- Virginia Democrat Sen. Mark Warner, chairman of the Senate Select Committee on Intelligence, has released a white paper detailing a series of potential regulatory requirements for health systems aimed at improving cybersecurity across the industry.
- Saying that cyber vulnerabilities increasingly threaten patient safety as well as leaving organizations exposed to data theft, the paper argues “it has become readily apparent that the way that cybersecurity is treated by those in the healthcare sector needs to change.”
- Assembled by Warner’s staff with input from cybersecurity and healthcare experts, the paper outlines the challenges facing care delivery organizations and offers proposals aimed at strengthening providers’ cybersecurity capabilities and building response systems to help recover from attacks.
The report comes on the heels of the recent ransomware attack on CommonSpirit Health, one of the country’s largest hospital systems, that interrupted access to electronic health records and delayed patient care.
With data breaches in healthcare reaching a record high last year, efforts to improve cybersecurity have been “painfully slow and inadequate,” Warner wrote. “Unless we act now, this situation will get worse,” he said.
The policy paper states that cybersecurity can no longer be treated as a secondary concern and must become incorporated into every organization’s core business model, from equipment manufacturers to healthcare providers.
Equipment must be designed and built with cybersecurity at its core, and minimum cyber hygiene practices are needed for healthcare providers to protect everyone in the sector, especially patients, Warner said.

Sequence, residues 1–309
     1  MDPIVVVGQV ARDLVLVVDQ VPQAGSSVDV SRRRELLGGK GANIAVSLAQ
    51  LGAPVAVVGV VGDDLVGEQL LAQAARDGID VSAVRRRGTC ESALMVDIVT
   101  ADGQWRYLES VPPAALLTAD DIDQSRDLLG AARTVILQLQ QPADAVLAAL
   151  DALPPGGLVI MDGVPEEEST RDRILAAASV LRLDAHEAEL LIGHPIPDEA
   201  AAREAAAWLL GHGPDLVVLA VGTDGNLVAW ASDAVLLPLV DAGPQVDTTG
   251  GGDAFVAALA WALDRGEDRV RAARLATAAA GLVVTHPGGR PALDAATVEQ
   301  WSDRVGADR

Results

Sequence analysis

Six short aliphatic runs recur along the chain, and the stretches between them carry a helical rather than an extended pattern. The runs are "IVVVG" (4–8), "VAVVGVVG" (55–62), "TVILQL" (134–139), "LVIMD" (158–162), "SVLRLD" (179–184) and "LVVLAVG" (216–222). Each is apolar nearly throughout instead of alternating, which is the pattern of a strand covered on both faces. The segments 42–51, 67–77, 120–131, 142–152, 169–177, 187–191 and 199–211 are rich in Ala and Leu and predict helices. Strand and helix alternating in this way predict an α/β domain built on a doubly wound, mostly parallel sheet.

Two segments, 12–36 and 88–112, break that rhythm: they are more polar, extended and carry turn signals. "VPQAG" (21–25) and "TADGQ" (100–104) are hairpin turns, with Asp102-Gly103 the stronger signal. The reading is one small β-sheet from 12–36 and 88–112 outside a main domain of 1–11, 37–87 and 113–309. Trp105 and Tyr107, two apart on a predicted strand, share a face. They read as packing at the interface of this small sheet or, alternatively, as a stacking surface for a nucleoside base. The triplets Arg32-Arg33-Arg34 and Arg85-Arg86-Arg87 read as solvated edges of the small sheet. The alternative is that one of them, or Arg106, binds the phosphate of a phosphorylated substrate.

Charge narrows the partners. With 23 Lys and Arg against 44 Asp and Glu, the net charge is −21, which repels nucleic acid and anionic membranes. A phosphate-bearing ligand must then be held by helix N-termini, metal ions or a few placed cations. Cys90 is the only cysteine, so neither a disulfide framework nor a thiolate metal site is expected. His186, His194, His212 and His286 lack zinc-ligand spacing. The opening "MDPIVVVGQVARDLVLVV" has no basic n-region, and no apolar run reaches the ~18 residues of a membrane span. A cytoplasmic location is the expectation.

Financial constraints, use of legacy devices that were not designed to resist today’s cyberattacks, and limited education and awareness programs for healthcare professionals have increased the impact of cyber threats in the sector, the paper said. Some organizations have said they cannot afford to dedicate an IT staff member primarily to cybersecurity and lack the infrastructure to identify, track and act on threats.
The paper proposes establishing minimum cyber hygiene practices for healthcare organizations, addressing insecure legacy systems, requiring a “software bill of materials” for medical devices and all healthcare industry software, streamlining information sharing and looking at how Medicare payment policies should be changed to incorporate cybersecurity expenses.
Warner co-authored legislation, signed into law by President Joe Biden as part of the Consolidated Appropriations Act in March, that requires companies responsible for U.S. critical infrastructure to report cybersecurity incidents to the government.
The senator asked for individuals, researchers, businesses, organizations and advocacy groups to submit feedback on the policy options in the document, or offer additional ideas for inclusion in eventual legislation.